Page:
Indur (Arabic: إندور‎) was a Palestinian village, located 10.5 kilometres (6.5 mi) southeast of Nazareth. Its name preserves that of ancient Endor, a Canaanite city state thought to have been located 1 kilometre (0.62 mi) to the northeast. The village was depopulated during the 1948 Arab-Israeli war and its inhabitants became refugees, some of whom were internally displaced. In Israel today, there are a few thousand internally displaced Palestinians who hail from Indur, and continue to demand their right of return.  Sheikh Tawfiq Ibrahim, one of the leaders of the 1936–39 Arab revolt in Palestine and an associate of Izz ad-Din al-Qassam, was from Indur.The village was occupied by Israel's Golani Brigade on May 24, 1948. 
The Golani Brigade went on "cleansing and defending" the area until early June

Ma'alul was a Palestinian village, made up primarily of Palestinian Christians, that was depopulated and destroyed by Israel during the 1948 Arab-Israeli war. Located six kilometers west of the city of Nazareth, many of its inhabitants became internally displaced refugees, after taking refuge in Nazareth and the neighbouring town of Yafa an-Naseriyye. Despite having never left the territory that came to form part of Israel, the majority of the villagers of Maalul, and other Palestinian villages like Andor and Al-Mujidal, were declared "absentees", allowing for the confiscation of their land under the Absentees Property Law.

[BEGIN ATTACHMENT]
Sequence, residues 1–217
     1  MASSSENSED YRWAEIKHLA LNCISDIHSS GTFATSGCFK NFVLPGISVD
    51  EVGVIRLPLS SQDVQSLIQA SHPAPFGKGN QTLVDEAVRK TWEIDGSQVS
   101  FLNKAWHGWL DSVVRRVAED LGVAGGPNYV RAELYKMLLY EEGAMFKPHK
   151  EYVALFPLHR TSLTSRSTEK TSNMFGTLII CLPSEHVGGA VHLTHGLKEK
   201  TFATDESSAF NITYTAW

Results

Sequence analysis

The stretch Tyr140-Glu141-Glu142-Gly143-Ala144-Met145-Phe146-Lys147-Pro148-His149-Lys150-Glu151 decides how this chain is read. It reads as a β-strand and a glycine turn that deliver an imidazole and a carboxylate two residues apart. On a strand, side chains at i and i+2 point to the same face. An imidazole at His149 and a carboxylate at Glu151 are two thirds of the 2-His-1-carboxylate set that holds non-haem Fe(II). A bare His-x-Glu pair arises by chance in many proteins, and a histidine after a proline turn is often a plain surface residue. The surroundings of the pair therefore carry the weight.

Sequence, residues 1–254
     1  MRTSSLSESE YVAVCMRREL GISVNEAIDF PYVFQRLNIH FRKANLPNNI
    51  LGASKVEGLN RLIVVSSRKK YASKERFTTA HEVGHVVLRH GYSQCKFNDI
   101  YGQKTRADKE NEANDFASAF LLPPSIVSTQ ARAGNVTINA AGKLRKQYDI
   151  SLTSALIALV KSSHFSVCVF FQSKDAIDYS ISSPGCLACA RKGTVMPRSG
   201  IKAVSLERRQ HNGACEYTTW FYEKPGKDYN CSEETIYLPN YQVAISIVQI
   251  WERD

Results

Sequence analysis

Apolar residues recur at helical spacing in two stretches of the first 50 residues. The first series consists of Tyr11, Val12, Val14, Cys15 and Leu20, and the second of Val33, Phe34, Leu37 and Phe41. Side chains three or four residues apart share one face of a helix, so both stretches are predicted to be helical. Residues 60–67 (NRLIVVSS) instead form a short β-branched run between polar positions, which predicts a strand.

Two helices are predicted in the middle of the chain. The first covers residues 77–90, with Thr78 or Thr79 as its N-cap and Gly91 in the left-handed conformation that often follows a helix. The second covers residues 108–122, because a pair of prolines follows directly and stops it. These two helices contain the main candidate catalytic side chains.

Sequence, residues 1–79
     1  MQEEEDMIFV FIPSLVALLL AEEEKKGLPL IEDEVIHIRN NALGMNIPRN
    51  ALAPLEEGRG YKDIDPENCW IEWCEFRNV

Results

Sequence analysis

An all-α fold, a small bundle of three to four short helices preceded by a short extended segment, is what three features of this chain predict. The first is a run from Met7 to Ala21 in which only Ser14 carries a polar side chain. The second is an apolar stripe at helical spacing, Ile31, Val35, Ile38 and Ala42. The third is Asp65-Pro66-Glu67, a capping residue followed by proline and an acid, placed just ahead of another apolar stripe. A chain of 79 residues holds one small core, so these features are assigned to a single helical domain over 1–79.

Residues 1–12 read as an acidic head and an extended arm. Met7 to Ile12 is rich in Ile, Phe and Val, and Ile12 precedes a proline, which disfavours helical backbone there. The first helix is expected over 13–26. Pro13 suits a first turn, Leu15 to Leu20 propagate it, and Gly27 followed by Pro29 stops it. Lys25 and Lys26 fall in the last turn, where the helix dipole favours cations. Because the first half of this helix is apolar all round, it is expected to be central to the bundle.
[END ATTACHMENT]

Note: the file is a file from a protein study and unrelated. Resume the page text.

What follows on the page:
Ma'alul with the Biblical town of Nahalal in the of the land of the Tribe of Zebulun, and also a Levite city (Joshua 21:35). Nahalal did not yield to the conquering Israelites initially, due to its strong fortifications, but they did pay taxes to them. 
Archaeological findings have identified remains from the Israelite period. During the Roman period was called "Mahalul". It flourished from the commercially strategic location during the Roman/Byzantine times (Mishna and Talmud). It is mentioned in the Jerusalem Talmud (Megilla page 2, 2 1:1), and listed among the walled cities from the period of Joshua.